Alongside other things, the Chibok terrorist abductions symbolize the painful burden of our realization that we seem to have another chance to wrestle with fate, an opportunity to stop a living agony, to recreate a narrative of which collective dreams are made. We have been granted the chance to face and challenge our fears, to expose our shared values, hopes, our longings for a miracle, for justice and healing, and perhaps to do at least one thing right in a nation that has gone so wrong. It has indeed become difficult for many Nigerian activists to imagine our continued future as a nation if we are unable to apprehend a dream of national self-actualization and restitution of sorts, embedded in the possibility of recovering the children stolen from their parents, their communities, their own dreams, hopes and lives, and from us. At the same time, the process of searching and hoping forces us to face and admit our deep weaknesses, our incapacities, our failures and the feeble nature of all that we have flaunted in the guise of political and security systems. At the very moment when we want and desperately need to be strong for our children and communities under attack, each action we take painfully reveals us to be ignobly weak as we repeatedly face failures of the kind that breaks the spirit.
Fathers, cousins and brothers searching instantly and bravely for their missing daughters in a vast forest were forced to retreat within a mile of the location because they lack the support of any police force or military detachment and were obviously not capable of taking on hundreds of terrorists armed with AK-47s. But sadly for those fathers, they will also possibly live with the undeserved sense of their failure and self-recriminations, as will the school principal, boarding house-mistresses and the feeble security guards.
We all want the girls to be safe, secure and well. We also need them to come back, today or tomorrow because as people who for so long have managed to survive by denying the intensity of our pain and suffering in a dysfunctional nation, we have finally trodden that painful path of exposure of our deep collective agony (I make no claims here to the sentiments of our leaders). We have cried on television, we have tried to sleep and had nightmares in imagining the deep suffering of children who have been removed from our reach of comfort. We cannot even lay claim to the type of sorrowful resolution of imagining our children nestled in the arms of God.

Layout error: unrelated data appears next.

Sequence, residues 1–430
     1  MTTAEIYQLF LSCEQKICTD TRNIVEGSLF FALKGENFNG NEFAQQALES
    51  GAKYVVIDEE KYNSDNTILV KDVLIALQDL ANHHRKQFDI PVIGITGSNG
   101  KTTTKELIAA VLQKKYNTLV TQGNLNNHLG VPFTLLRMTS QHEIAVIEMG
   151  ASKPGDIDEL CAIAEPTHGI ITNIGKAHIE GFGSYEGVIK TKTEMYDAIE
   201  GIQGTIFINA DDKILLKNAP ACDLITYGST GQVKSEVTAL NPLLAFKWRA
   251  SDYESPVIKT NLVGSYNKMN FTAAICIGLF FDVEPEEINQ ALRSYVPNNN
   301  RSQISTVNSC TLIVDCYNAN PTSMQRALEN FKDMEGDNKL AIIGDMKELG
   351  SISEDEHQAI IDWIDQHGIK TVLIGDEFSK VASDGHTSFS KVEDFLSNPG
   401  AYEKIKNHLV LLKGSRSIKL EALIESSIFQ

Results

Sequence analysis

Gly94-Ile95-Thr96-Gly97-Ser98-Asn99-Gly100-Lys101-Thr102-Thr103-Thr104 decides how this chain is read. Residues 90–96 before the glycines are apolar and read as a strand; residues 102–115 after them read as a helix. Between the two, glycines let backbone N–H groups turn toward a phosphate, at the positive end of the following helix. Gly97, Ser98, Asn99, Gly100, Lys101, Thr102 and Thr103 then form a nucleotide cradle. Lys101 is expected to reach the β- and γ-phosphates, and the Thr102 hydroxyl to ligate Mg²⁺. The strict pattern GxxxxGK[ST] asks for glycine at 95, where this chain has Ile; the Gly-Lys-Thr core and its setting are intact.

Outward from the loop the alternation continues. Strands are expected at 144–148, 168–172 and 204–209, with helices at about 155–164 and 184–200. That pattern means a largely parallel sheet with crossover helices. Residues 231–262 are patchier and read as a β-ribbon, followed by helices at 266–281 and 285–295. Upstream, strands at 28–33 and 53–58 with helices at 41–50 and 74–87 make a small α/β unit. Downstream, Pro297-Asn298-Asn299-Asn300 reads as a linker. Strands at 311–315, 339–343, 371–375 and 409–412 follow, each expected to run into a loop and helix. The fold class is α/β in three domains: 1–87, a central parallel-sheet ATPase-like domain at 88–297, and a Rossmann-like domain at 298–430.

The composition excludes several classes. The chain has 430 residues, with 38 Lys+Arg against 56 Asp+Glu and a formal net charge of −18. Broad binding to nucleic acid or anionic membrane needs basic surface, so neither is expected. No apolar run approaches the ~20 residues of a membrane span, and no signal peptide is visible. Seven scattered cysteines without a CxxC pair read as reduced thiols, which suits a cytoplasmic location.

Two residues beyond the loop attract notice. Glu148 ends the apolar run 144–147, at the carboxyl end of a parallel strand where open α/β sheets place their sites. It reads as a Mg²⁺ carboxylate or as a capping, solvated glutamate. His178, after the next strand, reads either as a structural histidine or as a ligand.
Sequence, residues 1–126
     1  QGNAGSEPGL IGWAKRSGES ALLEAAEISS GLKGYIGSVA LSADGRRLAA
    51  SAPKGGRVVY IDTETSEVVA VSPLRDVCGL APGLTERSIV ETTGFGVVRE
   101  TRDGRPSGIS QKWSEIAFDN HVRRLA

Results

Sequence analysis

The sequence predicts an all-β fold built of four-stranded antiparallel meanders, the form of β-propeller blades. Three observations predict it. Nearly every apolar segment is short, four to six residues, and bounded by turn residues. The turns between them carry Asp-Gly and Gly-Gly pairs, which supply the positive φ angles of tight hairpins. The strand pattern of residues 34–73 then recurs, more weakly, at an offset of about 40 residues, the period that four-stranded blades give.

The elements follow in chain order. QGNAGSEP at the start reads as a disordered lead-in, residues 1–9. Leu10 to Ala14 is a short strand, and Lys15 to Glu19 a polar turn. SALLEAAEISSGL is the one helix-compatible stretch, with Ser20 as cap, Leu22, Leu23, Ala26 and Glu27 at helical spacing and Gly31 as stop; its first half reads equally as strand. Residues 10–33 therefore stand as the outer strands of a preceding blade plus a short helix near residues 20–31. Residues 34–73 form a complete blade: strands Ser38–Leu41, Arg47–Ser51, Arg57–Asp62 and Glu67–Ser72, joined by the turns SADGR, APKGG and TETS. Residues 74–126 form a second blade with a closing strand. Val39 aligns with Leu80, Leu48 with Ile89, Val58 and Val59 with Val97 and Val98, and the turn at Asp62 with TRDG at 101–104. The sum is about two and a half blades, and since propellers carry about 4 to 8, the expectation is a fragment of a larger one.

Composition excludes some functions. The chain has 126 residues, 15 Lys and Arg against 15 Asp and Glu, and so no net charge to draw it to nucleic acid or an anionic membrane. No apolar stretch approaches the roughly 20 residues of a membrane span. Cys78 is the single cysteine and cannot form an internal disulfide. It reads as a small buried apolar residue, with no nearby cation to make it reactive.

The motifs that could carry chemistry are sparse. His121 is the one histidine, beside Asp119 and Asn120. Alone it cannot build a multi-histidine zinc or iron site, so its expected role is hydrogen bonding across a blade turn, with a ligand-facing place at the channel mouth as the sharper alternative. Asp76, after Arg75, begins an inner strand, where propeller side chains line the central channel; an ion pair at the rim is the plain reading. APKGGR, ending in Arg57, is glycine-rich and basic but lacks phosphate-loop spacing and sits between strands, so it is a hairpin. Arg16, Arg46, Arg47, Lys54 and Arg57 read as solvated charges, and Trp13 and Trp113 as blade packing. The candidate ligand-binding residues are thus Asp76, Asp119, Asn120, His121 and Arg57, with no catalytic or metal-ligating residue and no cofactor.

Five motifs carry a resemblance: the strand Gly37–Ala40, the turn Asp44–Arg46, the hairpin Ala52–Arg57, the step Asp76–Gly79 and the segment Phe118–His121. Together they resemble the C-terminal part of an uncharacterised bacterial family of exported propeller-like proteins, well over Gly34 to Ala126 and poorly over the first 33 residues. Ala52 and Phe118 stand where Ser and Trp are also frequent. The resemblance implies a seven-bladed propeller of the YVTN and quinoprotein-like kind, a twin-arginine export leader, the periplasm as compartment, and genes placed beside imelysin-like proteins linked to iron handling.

Like their parents, family and immediate community, Nigerians have been forced to journey past the psychological walls we had erected for our survival, socially, politically, and even academically. We built those walls to sustain our sanity and ability to still laugh, to celebrate weddings and births even when we drive past rotting corpses, incapacitated victims of heinous crimes or vehicle accidents, or when we read of state violence in the Delta and yet have to pump the gas that proceeds of such atrocity. We used those bulwarks of emotional detachment to keep living when we knew our hospitals had become a lotto game of life and death, that politicians were ‘renting’ troves of our underage schoolgirls to entertain their geriatric weekend frenzies and using roving gangs of our young men to enliven their electoral marches. Walls had made it possible to live with these realities.
Across the continent and in the Diaspora, peoples of African descent have continued to struggle amidst the antinomies of our lives by erecting fortifications that help us survive emotionally and psychologically, only selectively lowering those ramparts at critical junctures such as the unified battle against apartheid.
But the Chibok daughters are still alive, and refuse to remain behind those walls. So, our indifferent politicians are being pushed to understand that their political futures may rest on their ability to conjure tears, to tactically pretend if need be, an empathy they had never had to feel in their frenzied electoral campaigns for office. The BBOG protesters are insisting a flamboyant and insulated political elite must contemplate what it means to actually seek or pretend to understand the suffering of a small subset of their citizens, to imagine what security and insecurity means, and how dearly, their rampant corruption has cost this nation. Whew! This is no easy task as we saw in the viral video showcasing Nigerian first lady’s verbal assault on the Chibok representatives whom she had apparently summoned to “assist them” to find their children. Encountering the undesired evidence of a failed state as she interrogated them, she resorted to calling on the judgment of the divine to express her own helplessness … God dey O!